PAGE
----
The primary teeth, or baby teeth, are important. It can seem like no big deal if a child loses a baby tooth early since it would have fallen out anyway, but that’s not the case. The baby teeth help with facial and speech development, aid in chewing and, most importantly, save space for the permanent teeth to come in. When a baby tooth is lost before it’s supposed to fall out, and a space maintainer isn’t placed, the remaining teeth will shift into the gap. The permanent tooth won’t be able to erupt correctly and, in extreme cases, can even become impacted (stuck under the tissue or bone), leading to crowding.
  5. Trauma
    Sustaining a dental injury like an elbow to the mouth while playing sports can displace the teeth. If not treated, not only can the one tooth become crooked, but the other teeth may shift to accommodate the damaged tooth.
  6. Not Replacing Missing Permanent Teeth
    If you lose a permanent tooth from periodontal disease, severe decay, an injury or a health condition, it’s essential to replace it with a dental implant or a restoration like a dental bridge. This is because, just like we talked about with a missing baby tooth, when you have a missing permanent tooth that isn’t replaced, the remaining teeth will shift into the space left behind. This will create changes in your bite and can ultimately cause crooked teeth.
    Additionally, since the jawbone isn’t being stimulated anymore where the tooth is missing, the body will resorb the bone. This bone loss might also impact the alignment of your teeth and even the appearance of your face.
  7. Natural Changes With Age
    As we get older, the bite often deepens and the teeth tend to shift naturally. This is why wearing a retainer after braces or Invisalign is the key to maintaining your results. If you forget to wear your retainer, over time, you will experience a relapse. Even if you didn’t need braces or Invisalign before, you might find that your teeth become crooked as you get older.
  8. Dental Work
    Improperly fitting dental restorations like crowns, bridges and fillings can have a negative impact on your bite, causing pain and reduced function, as well as misaligned teeth.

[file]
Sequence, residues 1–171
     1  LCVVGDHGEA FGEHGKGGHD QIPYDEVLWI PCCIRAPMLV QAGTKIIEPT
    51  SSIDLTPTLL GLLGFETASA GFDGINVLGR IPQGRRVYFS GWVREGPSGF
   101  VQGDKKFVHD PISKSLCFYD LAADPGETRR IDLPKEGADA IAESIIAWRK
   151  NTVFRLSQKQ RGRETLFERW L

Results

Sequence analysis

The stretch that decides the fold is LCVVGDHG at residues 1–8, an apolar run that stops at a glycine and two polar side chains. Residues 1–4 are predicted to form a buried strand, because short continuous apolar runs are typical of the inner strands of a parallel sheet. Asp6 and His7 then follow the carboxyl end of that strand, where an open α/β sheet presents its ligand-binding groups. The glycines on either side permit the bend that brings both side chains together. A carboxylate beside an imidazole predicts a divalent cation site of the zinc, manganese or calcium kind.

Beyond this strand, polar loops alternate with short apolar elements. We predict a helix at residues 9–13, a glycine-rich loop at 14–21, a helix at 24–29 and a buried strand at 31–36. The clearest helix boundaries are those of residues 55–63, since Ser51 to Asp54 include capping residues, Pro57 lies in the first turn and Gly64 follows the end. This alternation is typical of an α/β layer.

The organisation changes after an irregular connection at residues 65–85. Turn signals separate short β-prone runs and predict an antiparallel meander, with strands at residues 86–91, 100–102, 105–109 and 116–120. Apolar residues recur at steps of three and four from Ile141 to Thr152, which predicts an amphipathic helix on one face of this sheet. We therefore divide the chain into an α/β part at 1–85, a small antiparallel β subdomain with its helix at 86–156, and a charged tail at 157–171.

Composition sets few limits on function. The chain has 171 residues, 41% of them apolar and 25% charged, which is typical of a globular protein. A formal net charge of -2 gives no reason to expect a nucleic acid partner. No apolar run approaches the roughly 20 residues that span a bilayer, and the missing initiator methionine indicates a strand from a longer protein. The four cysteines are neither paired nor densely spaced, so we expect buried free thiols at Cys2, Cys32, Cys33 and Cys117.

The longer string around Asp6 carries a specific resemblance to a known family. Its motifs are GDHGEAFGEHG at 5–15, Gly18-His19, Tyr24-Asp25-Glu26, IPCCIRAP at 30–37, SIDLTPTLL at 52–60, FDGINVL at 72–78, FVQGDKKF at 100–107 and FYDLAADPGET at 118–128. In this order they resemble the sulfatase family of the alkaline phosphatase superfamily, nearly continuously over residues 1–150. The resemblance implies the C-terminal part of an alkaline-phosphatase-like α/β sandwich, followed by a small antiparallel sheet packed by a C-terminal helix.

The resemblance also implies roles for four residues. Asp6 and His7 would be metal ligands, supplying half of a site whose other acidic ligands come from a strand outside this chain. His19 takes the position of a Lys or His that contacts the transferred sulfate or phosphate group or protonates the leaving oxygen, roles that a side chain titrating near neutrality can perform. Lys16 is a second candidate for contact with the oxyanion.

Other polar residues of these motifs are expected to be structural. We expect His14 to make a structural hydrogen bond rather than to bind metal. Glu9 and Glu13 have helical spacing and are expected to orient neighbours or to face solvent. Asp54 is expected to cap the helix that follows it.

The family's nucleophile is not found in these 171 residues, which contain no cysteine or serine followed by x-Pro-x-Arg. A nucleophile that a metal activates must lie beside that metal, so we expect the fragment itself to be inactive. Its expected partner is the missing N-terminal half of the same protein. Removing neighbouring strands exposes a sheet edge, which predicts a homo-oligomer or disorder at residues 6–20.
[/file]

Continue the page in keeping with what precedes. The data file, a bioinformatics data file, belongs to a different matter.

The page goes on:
Can Crooked Teeth be Prevented?

There’s no way to guarantee that you’ll have straight teeth and won’t need braces or Invisalign. Crooked teeth and a misaligned bite often have a genetic component and, if that’s the case, they can’t really be prevented.

That said, stopping oral habits such as thumb sucking and pacifier use and seeking out treatment for issues like tongue thrust/posture and mouth breathing, can prevent some bite issues or, at least, ensure they don’t continue to get worse.

Crowding can also be reduced or, sometimes, prevented, by opting for a dental space maintainer for a baby tooth that’s lost too early or by replacing a missing permanent tooth. Lastly, wearing a mouthguard when playing sports or doing any activity that could result in a blow to the face is good practice and will keep your teeth safe and where you want them.

Why Do Crooked Teeth Need to be Fixed?

There are times when slightly crooked teeth or a small gap can add charm to your smile and might not need to be corrected unless you feel self-conscious. But, the truth is, often, crooked teeth should be fixed because:

  • Most importantly, you want a beautiful smile, and your crooked teeth bother you.
  • Some of the teeth will bear more of the brunt when you chew, resulting in excessive or uneven wear of the enamel.
  • They can make chewing difficult or painful when they are in certain wrong positions.

How to Fix Crooked Teeth

We talked about the causes of crooked teeth, whether they’re a concern in kids and why they should be fixed. Now, let’s go over how to fix crooked teeth. The first step is visiting Richard Chan Orthodontics for a complimentary consultation.

We’ll take any necessary diagnostic records, like photos and digital x-rays, and Dr. Chan will complete a thorough examination. He’ll use his findings to develop an accurate diagnosis and personalized treatment recommendations.

Treatment options could include:

  • Metal BracesMetal braces are the original way to fix crooked teeth and they’re still around today, because they’re effective. Modern metal braces are smaller and more streamlined than those of the past. They’re an excellent treatment option for kids, teens and adults, including those with severe orthodontic issues. They tend to be super popular with our younger patients who love getting to personalize their braces with colorful elastics. We have the common silver metal braces, and we also have gold braces for those who prefer them!
  • Clear BracesClear braces, or ceramic braces, work in the same way as metal braces. However, the brackets are crafted from a durable ceramic material that blends in with your smile. They’re much less noticeable than their metal counterparts. Many of our adult braces patients prefer clear braces.
  • Invisalign or Invisalign TeenIf you’re wondering how to fix crooked teeth without braces, Invisalign could be the solution. The system of clear, removable aligners is a convenient, comfortable treatment option. Dr. Chan designs your ideal smile on a virtual, 3D model of your mouth and the aligners are custom-made for you based on his specifications. As you make your way through your aligners, your smile will gradually take shape. The aligners are virtually invisible and since they’re removable, there are no food restrictions and oral hygiene is simple.Invisalign Teen works in the same way as Invisalign for adults. However, the aligners are designed especially for younger patients with features including eruption tabs to accommodate erupting teeth and free replacement aligners included in the system.

Connect with Dr. Richard Chan Today!

If you’re concerned about crooked teeth and you’re ready to find out which treatment option will bring out the best in your smile, we can help. Schedule a complimentary consultation at our Bothell, Monroe or Mill Creek, WA or Juneau, AK orthodontic offices to get started.